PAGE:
meilufay’s #CBR4 review #38 Barryar (Vorkosigan #2) by Lois McMaster Bujold
Barryar is chronologically the second Vorkosigan novel. I love Lois McMaster Bujold’s Chalion books and I’ve been hearing about how great the Vorkosigan novels are. They follow the adventures of main character Miles Vorkosigan, who is an unconventional hero in a futuristic world. Supposedly, you can read the Vorkosigan novels out of sequence, but I read one and felt I was missing references. So I ordered Shards of Honor through my local library. Not only is Shards of Honor the first Vorkosigan book, it was also Bujold’s first book ever and it showed in the writing. I wasn’t in love with the main character (Cordelia – Miles’ mother) or the storyline, so I chose not to continue with the series at that time.
However, since abandoning the series, I’ve read more great reviews of other novels in the series so I thought I’d give the series another try. Even though I didn’t particularly like Barrayer all that much, I’m glad I read it because finally, finally Miles has been introduced and he is undoubtedly an interesting character.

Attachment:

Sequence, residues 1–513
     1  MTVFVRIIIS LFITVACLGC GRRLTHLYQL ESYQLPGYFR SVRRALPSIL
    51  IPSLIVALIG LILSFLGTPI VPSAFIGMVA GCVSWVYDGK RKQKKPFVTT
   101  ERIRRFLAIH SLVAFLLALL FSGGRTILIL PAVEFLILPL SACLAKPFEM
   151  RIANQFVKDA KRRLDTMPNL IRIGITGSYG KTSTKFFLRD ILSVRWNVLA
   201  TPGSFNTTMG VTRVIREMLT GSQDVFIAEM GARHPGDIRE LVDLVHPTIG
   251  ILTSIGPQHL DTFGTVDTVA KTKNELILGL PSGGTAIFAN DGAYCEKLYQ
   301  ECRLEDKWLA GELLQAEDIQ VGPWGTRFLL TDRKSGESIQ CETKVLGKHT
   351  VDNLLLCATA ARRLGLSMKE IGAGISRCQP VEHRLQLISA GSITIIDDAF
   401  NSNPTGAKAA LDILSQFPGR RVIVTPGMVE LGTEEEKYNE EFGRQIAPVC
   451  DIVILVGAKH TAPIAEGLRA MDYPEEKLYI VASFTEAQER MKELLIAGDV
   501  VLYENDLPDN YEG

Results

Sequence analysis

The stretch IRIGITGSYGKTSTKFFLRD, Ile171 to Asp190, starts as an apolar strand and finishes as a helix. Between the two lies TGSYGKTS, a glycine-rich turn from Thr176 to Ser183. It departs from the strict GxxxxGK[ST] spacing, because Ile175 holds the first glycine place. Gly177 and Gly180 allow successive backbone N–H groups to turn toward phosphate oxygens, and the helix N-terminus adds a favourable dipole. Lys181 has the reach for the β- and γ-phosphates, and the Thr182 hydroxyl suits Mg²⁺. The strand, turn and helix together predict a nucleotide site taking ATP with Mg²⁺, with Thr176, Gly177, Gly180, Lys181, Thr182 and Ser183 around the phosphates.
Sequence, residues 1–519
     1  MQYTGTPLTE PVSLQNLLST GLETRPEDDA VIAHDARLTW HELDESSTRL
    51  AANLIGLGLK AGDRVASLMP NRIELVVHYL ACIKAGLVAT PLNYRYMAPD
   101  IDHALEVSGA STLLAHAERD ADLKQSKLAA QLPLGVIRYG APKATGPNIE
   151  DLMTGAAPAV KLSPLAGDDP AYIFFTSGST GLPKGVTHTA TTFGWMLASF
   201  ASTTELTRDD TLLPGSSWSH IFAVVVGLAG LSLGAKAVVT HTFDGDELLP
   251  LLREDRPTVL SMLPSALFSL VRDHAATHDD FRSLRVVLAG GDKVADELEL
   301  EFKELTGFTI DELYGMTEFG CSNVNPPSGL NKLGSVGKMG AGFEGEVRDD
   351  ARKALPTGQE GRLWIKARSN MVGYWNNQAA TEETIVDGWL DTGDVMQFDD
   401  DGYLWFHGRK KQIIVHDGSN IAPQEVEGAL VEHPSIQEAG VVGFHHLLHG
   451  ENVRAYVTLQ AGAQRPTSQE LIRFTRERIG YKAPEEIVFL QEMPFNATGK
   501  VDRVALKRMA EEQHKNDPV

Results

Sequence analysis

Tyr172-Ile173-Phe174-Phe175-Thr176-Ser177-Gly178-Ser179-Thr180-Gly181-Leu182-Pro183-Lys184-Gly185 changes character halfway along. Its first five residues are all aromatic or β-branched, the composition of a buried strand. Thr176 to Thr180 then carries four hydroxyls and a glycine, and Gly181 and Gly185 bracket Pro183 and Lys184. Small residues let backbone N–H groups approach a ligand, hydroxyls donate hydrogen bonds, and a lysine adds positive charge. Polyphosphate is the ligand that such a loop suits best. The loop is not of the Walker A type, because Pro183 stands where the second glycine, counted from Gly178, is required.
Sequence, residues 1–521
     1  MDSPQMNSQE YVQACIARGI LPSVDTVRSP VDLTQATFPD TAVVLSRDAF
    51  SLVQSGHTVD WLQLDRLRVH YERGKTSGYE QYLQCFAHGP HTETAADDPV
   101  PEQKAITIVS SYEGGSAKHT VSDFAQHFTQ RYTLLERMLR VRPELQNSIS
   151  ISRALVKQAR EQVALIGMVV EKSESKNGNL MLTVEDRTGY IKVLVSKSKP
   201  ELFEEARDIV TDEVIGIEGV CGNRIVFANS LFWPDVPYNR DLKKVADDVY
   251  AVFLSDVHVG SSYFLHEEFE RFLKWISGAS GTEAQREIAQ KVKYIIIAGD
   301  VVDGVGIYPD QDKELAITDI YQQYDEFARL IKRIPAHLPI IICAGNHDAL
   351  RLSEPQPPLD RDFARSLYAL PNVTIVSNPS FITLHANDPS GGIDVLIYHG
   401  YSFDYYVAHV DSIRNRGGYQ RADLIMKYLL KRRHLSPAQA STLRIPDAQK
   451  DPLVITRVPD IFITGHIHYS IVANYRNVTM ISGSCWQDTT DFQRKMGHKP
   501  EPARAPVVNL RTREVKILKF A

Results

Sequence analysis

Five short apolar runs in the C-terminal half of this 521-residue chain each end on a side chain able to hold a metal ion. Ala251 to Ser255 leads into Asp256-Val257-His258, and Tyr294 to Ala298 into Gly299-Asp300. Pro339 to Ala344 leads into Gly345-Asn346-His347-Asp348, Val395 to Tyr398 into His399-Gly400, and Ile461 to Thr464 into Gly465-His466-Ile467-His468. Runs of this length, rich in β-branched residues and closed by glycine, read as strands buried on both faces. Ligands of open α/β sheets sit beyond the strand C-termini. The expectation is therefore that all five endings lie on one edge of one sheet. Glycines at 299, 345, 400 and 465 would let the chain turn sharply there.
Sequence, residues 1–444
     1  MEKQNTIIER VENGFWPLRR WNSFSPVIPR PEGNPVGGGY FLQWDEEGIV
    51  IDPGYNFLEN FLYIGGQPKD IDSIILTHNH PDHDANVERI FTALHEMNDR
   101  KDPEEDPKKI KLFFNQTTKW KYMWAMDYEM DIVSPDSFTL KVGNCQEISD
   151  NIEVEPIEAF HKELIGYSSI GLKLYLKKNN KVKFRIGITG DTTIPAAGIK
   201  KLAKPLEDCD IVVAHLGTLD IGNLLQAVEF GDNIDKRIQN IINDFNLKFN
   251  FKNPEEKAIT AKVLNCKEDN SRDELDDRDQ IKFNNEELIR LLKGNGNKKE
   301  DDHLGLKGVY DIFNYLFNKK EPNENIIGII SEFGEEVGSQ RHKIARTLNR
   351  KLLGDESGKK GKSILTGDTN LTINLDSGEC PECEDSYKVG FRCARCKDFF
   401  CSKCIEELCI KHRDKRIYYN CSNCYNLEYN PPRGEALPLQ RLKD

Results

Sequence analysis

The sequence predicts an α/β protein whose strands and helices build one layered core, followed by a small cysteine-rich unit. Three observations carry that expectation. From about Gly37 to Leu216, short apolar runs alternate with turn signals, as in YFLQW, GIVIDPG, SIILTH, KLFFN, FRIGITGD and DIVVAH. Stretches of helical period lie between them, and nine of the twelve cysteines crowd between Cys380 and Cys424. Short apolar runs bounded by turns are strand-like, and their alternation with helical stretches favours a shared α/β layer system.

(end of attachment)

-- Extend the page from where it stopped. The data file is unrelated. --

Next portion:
The events of Barrayar take place immediately after the events of Shards of Honor and if you don’t read the first book before reading this one, I don’t see how you can avoid being hopelessly lost. In the first book, Miles’ parents Aral and Cordelia meet, fall in love and get married. And, oh yeah, they’re on opposite sides of a war, Aral has a reputation as a war criminal and that love story plays out amongst a complicated story of politics and war. Barrayer assumes you’ve read and remembered Shards of Honor and since I didn’t, I was a little lost remembering all the characters and what had happened to them in the first book. I’m sure this confusion contributed to my tepid feelings towards Barrayar. On top of my confusion, I found the first half of this book boring. It’s all about the politics of the titular planet. The planet is ruled by an emperor, the emperor has died, Cordelia’s husband is going to be regent for the new five year old emperor, blah blah blah. I’m sure knowing all this detail will be useful for any future reading I do in the series but it took me a long time to invest in the political structure of this fictional planet. Finally, some rebel aristocrats try to seize power and then the story finally gets interesting about midway through. Once the action ramps up, the book becomes much more entertaining and of course all that exposition finally pays off. It’s just that I hadn’t come into the book with the emotional investment in the characters or world that a fan of the first book might have. I have to say, even when the action kicked in, I wasn’t particularly emotionally invested in the outcome of the story. I didn’t hate or even dislike this book – I found it mildly entertaining. Because I loved the Chalion series and I liked what I read about Miles when he finally shows up, I’m definitely going to give the third book in this series a try but I’m not exactly enthusiastic about the series or the world.